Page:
A friend was over recently, and we got to talking about the old neighborhoods, where no one lives anymore. And it brought back memories of going to visit "Grandma Lee."
Grandma Lee had a tough life. Her husband had some problems and was not there to raise his kids. So she raised her son (my dad) and daughter on her own. She worked at what was then known as May Company for many years. She would get on the bus, come home and walk up what seemed like way too many flights of steps to her apartment. She lived with her sister Pauline. Aunt Pauline was a tiny lady with severe curvature of the spine. I now recognize it as scoliosis.
Grandma would have family dinners for our family and my aunt's family. My father's kids and my aunt's kids were very similar in age. Grandma would have a big table set in the living room. But it wasn't big enough to accommodate all of us, so my cousin and I, the youngest, would eat in the bedroom. My cousin was very skinny and didn't eat much. When no one was looking, she would flush her food down the toilet. I would never do such a thing. If I were one to throw out food, I might be a skinny person today.... My cousin is still skinny. And I'm still not.
At Chanukah, Grandma gave us each a big box of clothes, all purchased at May Company. The latest styles. It was always a fun time to open those boxes.
And Grandma could cook. My favorites were her cabbage and noodles, shell pasta with breadcrumbs ("sea shells"), chicken soup, and my all-time-favorite potato soup that had a beef base and chunks of potatoes. I would love to be able to figure out how she made it. I'm sure everything was made with a lot of chicken fat. And despite that unhealthy diet, she lived to be in her 90s.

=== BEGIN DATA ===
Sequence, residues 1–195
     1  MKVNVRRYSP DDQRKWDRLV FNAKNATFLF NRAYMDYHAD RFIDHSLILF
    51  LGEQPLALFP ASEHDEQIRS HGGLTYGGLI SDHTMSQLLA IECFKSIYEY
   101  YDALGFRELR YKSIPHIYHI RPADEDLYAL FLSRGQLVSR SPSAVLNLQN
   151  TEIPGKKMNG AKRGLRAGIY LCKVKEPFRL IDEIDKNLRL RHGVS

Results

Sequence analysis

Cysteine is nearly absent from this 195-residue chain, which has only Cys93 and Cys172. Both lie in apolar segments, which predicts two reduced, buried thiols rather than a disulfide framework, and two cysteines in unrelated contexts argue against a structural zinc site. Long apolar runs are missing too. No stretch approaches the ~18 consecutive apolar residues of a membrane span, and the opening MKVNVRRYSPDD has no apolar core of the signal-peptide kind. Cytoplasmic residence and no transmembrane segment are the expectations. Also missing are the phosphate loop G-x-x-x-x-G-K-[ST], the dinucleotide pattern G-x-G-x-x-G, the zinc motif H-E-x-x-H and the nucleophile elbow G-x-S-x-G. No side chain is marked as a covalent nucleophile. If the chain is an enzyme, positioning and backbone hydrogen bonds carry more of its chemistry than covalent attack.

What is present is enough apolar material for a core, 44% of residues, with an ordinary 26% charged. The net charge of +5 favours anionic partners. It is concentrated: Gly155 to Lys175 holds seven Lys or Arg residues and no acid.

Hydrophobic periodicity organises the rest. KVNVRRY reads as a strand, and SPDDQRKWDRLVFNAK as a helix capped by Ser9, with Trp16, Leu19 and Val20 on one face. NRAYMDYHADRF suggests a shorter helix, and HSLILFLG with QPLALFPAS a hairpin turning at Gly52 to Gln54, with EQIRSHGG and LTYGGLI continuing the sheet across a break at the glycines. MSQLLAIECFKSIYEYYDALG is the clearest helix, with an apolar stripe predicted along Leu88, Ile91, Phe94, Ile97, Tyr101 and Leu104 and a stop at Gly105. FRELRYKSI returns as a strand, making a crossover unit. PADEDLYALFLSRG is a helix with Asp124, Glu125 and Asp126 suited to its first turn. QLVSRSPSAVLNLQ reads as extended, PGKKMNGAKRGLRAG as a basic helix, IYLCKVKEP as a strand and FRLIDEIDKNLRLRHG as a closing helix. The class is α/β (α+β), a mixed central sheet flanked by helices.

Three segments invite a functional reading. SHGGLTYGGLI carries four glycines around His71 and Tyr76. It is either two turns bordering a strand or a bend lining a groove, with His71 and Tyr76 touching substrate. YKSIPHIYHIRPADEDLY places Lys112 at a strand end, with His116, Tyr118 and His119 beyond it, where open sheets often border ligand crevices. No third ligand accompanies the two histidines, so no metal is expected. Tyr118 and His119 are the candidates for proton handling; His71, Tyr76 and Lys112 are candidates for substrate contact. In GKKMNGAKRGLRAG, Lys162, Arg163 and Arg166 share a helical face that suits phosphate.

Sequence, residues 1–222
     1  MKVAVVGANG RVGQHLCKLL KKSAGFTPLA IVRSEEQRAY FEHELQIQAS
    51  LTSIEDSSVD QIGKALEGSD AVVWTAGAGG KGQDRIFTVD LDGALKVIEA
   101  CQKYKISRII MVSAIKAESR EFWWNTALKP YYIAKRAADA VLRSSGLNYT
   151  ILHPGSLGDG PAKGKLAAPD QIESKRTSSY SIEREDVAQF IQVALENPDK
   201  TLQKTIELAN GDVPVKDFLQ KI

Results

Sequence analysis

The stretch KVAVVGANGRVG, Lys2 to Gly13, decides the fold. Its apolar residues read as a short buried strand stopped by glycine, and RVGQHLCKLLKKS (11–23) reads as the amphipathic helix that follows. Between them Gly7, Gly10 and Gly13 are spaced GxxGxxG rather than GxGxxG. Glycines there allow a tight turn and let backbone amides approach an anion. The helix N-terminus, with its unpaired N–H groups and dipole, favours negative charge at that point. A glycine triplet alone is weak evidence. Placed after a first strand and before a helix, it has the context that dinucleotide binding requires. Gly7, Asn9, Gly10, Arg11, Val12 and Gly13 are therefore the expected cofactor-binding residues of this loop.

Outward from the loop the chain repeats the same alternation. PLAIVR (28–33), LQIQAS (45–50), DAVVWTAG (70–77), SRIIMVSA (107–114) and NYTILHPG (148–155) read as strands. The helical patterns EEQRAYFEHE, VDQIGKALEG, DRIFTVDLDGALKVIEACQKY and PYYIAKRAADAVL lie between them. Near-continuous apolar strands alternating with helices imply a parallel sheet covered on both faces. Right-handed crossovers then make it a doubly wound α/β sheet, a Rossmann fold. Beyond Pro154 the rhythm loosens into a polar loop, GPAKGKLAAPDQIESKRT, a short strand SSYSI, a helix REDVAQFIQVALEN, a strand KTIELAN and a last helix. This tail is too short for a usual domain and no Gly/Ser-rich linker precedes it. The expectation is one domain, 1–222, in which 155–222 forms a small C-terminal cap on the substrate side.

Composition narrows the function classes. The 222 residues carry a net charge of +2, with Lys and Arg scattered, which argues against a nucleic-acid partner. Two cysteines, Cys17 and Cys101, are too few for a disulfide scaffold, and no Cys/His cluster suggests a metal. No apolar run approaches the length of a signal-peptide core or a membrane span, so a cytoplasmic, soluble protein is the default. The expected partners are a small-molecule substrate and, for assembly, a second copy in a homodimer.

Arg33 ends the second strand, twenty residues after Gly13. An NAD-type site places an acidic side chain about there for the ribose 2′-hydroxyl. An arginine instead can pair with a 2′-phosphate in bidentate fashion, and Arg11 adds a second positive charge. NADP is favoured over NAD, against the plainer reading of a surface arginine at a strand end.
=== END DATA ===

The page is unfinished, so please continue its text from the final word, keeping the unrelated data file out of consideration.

One day I called her up to ask her how to make something. Aunt Pauline answered the phone. Grandma wasn't home. I said well maybe you can help me - I want to know how Grandma makes this dish. And I was very amused at Aunt Pauline's response: "honey, Grandma cooks. I clean." Very short and to the point. They had their division of labor and apparently they never crossed that line into the area of responsibility that belonged to the other. (Aunt Pauline was such a good cleaner that she sponged off the ice cream lids before she put them back in the freezer.)
Grandma had to be a tough lady. She didn't have a man taking care of her, but never seemed to have any remorse about that. When a cousin had a wedding, all of my grandmother's siblings would be out on the dance floor dancing. There were 8 of them.
In their later years, Grandma and Aunt Pauline moved into a nice apartment building. With elevators. I was always amused at how they shared the daily newspaper. One person would subscribe and when she finished reading it, she would leave it for another neighbor, who read it and left it for another neighbor. They only knew how to be frugal, and they would remain that way forever.
When we went to visit Grandma, she had a big round candy dish with non pareils in it. I remember all of us walking in the door and making a beeline toward that dish of non pareils. When I see non pareils today, I remember her with love.